Spiritual director Fleetwood Range (yes, that’s her real name) studied the medieval mystics of the 14th century and spent time in ancient churches in England (East Anglia). Recently, she found herself “studying a tiny decoration on an immensely high fan vault and thinking ‘No one but God, the artist, and a 21st century tourist with a super zoom lens will ever see that detail. The artist who carved it 600 years ago did it for the love of God alone. And perhaps for me in this unimagined time.’ And I thanked God for that ancient artist’s love of God. It is that love, still warm in the stone, which made the space holy.”[5]

Doing your best, and paying attention to detail isn’t encouraged in many places, but I think it matters. When I write my sermons, I’m careful to footnote where I found a quote, in case I want to use it again and wonder where I got it. Computers make it easy to footnote your writing; when we used typewriters, you had to count how many lines your footnote took up, and make sure to leave room at the bottom of the page for it; and woe to you if there was a quote at the bottom of the page but the footnote had to be continued on the next page.

It also keeps me honest. When I was learning how to preach, I went to a friend’s ordination and heard a bishop tell a story about his life, and I had read that same story in Readers’ Digest when I was in junior high. It made me distrust anything else he had to say. I want people to trust what I was saying. So I got in the habit of keeping track of where I got information.

Some years ago, I had an incredibly busy week—I spend a lot of time with very ill people and ministered to their families. I didn’t have enough time to write a sermon that really encountered the text, so I quoted a lot from Henri Nouwen, who as many of you know, has said a lot of eloquent words about prayer and suffering and faith. It turned out that one of our newest members had brought her fiancé to church, after telling him about my sermons. So I was a little embarrassed that so little of my sermon was original.

To my surprise, he complimented me on my sermon, and said, “I’ve read a lot of Henri Nouwen, and I know his writings well. You are the first pastor I’ve ever heard who quoted him and attributed it to him, instead of acting as if they were your own words.” After that, I realized it was ok not to be original.

With that, here’s another  quote from Henri Nouwen: “We will all die one day. That is one of the few things we can be sure of. But will we die well? That is less certain. Dying well means dying for others, making our lives fruitful for those we leave behind. The big question, therefore, is not ‘What can I still do in the years I have left to live?’ but ‘How can I prepare myself for my death so that my life can continue to bear fruit in the generations that will follow me?’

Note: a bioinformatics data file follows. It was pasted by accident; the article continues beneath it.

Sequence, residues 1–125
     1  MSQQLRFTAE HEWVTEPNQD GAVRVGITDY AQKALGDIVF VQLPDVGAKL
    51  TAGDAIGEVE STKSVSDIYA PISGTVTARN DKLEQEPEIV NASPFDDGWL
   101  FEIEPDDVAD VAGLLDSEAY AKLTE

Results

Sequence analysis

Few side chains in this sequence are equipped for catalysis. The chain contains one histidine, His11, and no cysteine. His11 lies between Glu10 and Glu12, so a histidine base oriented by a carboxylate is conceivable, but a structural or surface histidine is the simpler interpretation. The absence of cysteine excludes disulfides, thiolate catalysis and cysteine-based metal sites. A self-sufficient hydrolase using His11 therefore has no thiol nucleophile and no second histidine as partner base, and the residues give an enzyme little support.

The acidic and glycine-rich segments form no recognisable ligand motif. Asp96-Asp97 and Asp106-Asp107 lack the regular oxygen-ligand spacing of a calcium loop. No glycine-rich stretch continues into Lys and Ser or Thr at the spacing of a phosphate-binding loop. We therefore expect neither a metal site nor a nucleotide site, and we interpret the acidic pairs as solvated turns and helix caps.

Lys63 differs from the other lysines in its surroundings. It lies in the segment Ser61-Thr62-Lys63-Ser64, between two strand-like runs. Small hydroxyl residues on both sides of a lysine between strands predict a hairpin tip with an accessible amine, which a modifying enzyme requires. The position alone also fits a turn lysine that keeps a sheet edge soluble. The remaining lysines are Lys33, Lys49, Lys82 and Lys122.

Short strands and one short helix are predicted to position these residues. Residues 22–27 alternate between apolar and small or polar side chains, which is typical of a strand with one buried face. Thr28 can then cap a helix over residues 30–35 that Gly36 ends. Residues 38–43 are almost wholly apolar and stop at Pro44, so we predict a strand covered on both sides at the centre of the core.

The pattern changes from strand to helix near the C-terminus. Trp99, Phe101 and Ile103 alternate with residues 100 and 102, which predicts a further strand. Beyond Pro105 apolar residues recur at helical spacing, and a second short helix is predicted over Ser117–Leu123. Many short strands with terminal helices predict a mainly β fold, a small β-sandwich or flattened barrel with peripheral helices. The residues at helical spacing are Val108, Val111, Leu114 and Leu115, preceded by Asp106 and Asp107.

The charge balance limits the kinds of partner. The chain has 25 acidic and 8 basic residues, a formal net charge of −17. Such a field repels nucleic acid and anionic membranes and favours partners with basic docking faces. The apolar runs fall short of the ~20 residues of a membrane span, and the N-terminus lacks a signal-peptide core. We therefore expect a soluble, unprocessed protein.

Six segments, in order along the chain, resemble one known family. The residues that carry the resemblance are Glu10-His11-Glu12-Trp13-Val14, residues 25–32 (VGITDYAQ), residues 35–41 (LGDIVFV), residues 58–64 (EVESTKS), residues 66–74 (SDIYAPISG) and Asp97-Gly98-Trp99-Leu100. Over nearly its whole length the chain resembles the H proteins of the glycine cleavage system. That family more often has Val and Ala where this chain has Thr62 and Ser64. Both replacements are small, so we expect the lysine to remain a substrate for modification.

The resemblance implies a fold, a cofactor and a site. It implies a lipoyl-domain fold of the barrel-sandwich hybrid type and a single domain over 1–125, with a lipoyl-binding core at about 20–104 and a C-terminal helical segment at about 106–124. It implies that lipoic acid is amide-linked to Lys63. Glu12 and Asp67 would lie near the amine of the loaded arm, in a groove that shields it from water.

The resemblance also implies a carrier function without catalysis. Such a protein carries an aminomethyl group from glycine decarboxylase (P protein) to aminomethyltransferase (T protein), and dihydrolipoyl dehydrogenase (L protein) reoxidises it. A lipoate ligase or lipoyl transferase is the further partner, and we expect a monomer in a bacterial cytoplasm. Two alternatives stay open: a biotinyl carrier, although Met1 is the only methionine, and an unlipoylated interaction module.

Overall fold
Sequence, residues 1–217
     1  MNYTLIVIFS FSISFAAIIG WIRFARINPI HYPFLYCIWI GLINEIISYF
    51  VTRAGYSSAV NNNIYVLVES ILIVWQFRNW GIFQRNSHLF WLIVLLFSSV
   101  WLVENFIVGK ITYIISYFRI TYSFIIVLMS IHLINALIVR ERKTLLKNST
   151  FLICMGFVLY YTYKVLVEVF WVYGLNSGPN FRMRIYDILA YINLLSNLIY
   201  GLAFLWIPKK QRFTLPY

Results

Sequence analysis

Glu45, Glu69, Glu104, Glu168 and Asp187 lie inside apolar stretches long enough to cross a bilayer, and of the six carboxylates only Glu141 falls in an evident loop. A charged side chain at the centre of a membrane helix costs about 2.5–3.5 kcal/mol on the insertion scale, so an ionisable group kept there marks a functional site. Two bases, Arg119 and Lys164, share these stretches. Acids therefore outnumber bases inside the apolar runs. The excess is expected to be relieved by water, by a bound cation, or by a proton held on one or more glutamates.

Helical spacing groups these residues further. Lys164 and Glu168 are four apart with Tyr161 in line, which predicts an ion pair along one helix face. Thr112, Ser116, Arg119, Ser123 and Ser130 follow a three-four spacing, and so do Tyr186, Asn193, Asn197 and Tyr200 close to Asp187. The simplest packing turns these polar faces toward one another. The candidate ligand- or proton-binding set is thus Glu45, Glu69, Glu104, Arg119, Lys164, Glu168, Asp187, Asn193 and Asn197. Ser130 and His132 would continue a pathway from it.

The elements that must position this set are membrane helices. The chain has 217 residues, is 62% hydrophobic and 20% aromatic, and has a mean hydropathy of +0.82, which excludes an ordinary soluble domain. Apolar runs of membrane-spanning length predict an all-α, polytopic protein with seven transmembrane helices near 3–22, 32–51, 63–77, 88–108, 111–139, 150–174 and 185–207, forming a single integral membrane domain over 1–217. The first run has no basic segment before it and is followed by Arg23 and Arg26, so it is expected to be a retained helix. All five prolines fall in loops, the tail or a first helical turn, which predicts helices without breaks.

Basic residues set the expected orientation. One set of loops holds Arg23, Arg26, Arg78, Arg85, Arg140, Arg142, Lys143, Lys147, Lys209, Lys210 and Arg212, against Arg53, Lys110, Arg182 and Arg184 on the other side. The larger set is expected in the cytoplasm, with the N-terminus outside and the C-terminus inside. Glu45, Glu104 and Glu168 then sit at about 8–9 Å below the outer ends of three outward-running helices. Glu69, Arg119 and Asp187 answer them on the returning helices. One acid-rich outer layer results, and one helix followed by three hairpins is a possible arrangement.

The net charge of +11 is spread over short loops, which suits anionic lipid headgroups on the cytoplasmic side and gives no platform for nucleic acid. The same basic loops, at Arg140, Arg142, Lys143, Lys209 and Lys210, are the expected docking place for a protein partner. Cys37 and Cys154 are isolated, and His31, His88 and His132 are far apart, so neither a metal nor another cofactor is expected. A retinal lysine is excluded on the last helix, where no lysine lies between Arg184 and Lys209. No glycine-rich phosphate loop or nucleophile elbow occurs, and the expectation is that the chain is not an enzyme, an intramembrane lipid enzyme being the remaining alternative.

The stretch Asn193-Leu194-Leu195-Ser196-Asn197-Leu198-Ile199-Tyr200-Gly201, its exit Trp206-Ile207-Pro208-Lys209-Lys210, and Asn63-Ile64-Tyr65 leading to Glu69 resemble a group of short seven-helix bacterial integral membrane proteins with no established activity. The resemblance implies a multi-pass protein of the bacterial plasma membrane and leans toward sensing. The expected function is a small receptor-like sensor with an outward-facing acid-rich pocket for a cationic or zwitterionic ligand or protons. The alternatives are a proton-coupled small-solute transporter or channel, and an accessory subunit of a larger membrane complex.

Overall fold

Jesus died well because through dying he sent his Spirit of Love to his friends, who with that Holy Spirit could live better lives. Can we also send the Spirit of Love to our friends when we leave them? Or are we too worried about what we can still do? Dying can become our greatest gift if we prepare ourselves to die well.”[6]

We’re often afraid of dying and death. It’s unfamiliar to us. One of the ways to make it less scary is to talk about it, and recognize that we can continue to care for those we love if we do a little planning. I heard a story a long time ago about a man who was dying of AIDS,, and he made a video to be shown at his funeral. In the video, he walked around his house, picking up objects he bequeathed to people. The items were labeled with the person’s name, and the words, “I’ve been dying to give this to you.”

And so we don’t need to be afraid of death. We can trust that God will take care of us. That bright cloud didn’t just cover Jesus; it covered Peter, James and John. The message is for them, too. They were included in the light. Jesus told them not to be afraid, not of his words nor of his way. I believe the gospel can transform people; I believe that following Jesus can make a difference to the world as well as to our souls.[7]

We know the story of the crucifixion and the resurrection, so we are free to follow Jesus and to hear him; we don’t need to be afraid either. Amen.

[1] Micah 6:4
[2] Leviticus 23:40-43
[3].Pfeil, Margaret R.  “Oscar Romero’s Theology of the Transfiguration,” Theological Studies, 72 (2011), p. 87+.  
[4] “Century Marks,” Christian Century,  March 5, 2014, p. 8., quoting from, The New York Times Feb. 1, 2014.
[5] “Letters,” ibid p. 6.
[6] Nouwen, Henri, from Bread for the Journey. 1997, a Daily Meditation for Feb,. 26, 2014 from the Henri Nouwen Society. So no page number!
[7] Brueggemann, et al. Texts for Preaching, Year A,  p. 171.